Day 4 – Slow down please Old Man Time. This is my last scheduled tour while in the Cayo District. Tomorrow I’ve planned a low-key day puttering around the bounds of my jungle resort, and after that, I go meet up with the wedding party. For now, ruins and waterfalls on the docket.
The day looked to be another murky, foggy day here in the jungle, but I was assured it would clear off as we started along or way. Young Mr. Luis was my guide again, just me and him, and I ain’t gonna lie… the thought of another four hours in the car alone was stressing me out. I already exhausted my go-to conversation topics yesterday, and it was gonna be WERK to come up with some new subjects. Because introvert. The Mayan gods musta been smiling down on me. Almost 5 minutes into our ride, we turned off onto the rockiest side road, one that would tolerate no conversation. I focused on trying to make sure my organs didn’t jumble up inside too terribly much, while simultaneously feeling deep gratitude for the “quiet” morning ride.
We’d given ourselves 2 hours to get the ruins at Caracol. They’re a long way off and you’ve got to traverse rough terrain to get there. The most important thing was getting to a military checkpoint along the way by 9am. There, we would sign in with the Belizean military and get an escort to the site. This is because Caracol, the ruin site (Mayan name = Uxwitza, or Three Water Hill), borders Guatemala, and relations between Belize and G have been somewhat volatile. There’ve been incidents where Guatemalans have robbed Caracol tourists at gunpoint, sometimes kidnapping them for ransom. Sooooo… this military escort is a precautionary measure, I was told. Of course, I was told, again, the day of the tour right as I hopped in the tour van. Which is fine. But these are the kinds of details you like to know in advance. Or maybe that’s just me.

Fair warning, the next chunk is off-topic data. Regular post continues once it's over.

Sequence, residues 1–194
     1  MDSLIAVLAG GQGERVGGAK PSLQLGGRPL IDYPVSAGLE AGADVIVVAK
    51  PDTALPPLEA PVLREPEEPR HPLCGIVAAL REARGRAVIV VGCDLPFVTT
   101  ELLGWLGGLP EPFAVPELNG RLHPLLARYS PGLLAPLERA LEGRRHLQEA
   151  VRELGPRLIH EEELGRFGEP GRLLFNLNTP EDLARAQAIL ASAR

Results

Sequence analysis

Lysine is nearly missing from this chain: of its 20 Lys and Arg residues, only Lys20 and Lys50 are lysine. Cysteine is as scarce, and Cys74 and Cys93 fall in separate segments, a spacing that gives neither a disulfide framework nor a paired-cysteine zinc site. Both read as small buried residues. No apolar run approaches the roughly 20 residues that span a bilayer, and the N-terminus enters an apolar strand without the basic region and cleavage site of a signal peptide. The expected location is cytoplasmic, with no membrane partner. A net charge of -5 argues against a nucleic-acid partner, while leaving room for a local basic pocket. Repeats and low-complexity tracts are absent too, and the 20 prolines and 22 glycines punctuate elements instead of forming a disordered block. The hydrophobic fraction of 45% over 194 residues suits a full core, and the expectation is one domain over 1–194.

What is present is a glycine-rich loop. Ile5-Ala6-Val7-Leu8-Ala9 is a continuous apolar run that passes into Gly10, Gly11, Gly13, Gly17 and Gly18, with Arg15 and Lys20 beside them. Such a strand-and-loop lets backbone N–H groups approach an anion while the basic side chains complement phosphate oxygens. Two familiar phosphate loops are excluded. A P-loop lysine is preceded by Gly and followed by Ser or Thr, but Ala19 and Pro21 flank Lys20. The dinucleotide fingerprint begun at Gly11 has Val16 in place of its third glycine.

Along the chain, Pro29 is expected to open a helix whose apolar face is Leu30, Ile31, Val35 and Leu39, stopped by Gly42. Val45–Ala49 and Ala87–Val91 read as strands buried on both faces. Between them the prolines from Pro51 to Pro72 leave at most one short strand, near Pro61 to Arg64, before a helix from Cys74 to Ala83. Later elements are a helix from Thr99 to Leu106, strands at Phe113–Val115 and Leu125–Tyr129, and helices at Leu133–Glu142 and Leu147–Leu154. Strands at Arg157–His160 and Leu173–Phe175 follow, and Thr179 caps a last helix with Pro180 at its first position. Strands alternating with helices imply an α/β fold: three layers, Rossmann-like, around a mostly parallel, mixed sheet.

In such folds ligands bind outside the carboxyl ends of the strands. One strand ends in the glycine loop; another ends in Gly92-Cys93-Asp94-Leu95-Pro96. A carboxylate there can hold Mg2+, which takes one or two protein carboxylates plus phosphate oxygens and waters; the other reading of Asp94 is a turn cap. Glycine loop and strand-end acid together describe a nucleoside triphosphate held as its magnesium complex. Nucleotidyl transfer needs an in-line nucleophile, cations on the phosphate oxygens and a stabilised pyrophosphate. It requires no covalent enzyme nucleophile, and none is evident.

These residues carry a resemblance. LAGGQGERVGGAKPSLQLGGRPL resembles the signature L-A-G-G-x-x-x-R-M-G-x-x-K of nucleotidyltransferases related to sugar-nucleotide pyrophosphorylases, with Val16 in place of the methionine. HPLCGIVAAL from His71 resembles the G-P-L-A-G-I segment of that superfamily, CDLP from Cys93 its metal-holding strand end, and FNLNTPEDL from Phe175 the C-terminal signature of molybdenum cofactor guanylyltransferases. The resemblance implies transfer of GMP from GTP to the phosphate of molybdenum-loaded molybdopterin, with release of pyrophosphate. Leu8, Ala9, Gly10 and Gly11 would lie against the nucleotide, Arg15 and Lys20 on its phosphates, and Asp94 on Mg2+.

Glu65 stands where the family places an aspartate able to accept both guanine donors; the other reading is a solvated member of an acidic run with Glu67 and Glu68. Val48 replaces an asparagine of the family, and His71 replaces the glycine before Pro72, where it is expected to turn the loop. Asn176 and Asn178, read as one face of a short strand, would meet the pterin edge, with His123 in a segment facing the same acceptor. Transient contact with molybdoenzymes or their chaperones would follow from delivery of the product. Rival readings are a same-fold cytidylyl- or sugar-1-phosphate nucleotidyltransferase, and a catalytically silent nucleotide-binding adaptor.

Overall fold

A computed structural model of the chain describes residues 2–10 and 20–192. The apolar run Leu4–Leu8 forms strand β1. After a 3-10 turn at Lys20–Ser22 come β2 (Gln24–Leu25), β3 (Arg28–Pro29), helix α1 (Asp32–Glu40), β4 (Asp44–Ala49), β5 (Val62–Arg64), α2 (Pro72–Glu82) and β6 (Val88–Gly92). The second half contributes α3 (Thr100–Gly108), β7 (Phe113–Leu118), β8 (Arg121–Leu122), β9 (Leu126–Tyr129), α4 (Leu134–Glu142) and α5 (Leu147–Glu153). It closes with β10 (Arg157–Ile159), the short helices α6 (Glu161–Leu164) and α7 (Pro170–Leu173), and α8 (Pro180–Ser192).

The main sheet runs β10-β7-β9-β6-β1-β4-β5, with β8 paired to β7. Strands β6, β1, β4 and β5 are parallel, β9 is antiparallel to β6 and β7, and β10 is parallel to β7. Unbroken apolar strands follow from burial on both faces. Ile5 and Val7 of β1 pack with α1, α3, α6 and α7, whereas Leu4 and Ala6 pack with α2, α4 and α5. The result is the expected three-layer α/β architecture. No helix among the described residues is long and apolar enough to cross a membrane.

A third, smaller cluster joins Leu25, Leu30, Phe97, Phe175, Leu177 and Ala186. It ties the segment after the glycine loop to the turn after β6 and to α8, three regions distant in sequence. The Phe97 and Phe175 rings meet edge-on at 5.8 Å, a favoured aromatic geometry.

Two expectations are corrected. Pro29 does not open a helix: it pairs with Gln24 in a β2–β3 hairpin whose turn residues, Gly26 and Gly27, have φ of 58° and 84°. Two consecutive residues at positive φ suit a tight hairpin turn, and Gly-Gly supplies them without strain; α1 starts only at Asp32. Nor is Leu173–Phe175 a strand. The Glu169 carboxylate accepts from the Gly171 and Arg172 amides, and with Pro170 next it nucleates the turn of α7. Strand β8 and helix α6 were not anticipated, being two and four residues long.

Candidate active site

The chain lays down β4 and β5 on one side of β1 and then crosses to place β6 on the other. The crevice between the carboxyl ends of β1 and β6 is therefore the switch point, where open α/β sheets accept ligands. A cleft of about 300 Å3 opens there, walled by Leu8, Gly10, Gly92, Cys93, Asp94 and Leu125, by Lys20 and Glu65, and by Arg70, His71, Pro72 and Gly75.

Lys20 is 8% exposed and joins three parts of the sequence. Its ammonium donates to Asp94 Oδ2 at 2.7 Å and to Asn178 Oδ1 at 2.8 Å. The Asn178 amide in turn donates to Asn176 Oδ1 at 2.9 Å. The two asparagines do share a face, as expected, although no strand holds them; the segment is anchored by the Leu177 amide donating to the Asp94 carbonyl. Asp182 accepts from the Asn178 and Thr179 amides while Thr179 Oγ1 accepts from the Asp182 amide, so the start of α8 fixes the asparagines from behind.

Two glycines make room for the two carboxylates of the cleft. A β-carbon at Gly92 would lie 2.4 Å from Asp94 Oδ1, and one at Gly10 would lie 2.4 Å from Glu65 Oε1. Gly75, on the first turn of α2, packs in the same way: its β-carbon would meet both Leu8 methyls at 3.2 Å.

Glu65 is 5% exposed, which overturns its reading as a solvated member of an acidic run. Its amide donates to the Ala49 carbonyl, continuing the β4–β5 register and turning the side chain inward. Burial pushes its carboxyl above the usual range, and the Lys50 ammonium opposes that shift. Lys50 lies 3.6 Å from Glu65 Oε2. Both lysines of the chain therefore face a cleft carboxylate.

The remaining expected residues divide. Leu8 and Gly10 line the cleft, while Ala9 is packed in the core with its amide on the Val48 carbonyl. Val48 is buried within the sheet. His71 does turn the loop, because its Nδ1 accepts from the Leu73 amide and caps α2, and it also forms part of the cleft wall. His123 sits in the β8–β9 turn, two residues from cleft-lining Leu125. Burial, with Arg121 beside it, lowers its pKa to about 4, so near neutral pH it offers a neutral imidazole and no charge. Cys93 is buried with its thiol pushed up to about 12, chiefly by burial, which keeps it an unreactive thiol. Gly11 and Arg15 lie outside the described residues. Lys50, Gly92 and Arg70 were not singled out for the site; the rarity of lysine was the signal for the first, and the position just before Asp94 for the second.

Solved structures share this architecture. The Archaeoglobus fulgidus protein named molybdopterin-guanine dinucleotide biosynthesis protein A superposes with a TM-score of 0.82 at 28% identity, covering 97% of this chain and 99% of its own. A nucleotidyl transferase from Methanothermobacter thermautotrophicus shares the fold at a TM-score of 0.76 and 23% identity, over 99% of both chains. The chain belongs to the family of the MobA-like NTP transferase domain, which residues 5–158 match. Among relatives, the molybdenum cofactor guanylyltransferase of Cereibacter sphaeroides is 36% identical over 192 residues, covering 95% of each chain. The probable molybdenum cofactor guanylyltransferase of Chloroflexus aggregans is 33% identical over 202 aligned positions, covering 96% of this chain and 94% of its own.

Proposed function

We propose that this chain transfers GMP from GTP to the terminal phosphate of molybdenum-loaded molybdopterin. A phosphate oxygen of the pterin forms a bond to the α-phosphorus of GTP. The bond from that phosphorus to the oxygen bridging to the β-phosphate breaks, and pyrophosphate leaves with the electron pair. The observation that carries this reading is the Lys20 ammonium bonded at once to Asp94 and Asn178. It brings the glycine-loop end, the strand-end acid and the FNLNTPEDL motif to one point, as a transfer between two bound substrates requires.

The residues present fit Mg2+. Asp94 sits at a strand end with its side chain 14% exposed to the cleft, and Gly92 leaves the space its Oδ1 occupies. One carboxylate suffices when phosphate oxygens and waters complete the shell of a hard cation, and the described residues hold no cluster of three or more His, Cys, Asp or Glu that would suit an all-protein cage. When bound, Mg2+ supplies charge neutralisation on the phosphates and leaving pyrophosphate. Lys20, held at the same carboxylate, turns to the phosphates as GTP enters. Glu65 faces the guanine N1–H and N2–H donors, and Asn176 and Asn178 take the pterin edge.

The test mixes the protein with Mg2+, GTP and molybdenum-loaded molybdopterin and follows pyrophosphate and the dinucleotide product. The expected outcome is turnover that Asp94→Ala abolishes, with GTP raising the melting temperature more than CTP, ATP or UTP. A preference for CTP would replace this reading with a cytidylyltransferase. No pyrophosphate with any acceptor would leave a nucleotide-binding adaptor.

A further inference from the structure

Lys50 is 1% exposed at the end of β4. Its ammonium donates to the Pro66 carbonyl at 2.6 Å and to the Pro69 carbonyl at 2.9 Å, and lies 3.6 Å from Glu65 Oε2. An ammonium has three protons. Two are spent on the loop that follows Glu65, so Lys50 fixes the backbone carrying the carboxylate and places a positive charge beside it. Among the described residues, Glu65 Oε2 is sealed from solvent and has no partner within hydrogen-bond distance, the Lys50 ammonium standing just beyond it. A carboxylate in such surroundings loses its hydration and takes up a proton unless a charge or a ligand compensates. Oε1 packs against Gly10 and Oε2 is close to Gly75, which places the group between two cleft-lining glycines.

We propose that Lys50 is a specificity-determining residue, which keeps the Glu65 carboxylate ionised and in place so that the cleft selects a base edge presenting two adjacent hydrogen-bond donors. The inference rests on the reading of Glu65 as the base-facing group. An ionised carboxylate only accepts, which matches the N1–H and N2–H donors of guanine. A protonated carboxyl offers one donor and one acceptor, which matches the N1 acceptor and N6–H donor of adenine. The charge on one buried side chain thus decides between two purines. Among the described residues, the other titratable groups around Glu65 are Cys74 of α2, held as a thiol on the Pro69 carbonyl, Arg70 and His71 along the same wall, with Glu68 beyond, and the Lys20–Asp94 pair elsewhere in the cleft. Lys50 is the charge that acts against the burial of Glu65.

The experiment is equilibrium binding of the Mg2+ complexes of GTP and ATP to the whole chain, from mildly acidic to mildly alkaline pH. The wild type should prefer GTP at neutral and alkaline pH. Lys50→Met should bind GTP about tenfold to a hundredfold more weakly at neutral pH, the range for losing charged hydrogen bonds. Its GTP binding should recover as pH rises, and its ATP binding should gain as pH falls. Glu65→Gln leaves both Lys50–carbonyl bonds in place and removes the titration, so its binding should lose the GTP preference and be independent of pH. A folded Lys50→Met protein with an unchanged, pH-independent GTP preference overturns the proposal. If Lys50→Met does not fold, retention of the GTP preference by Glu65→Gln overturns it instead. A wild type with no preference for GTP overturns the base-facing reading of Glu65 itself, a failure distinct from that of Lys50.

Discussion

We got to the checkpoint right at 9am, signed in, and took a quick bathroom break. Then another hour or so of driving through the Mountain Pine Ridge Forest Reserve (vastly different ecosystem than the lush jungle landscape at my resort) before we reached the destination, Caracol.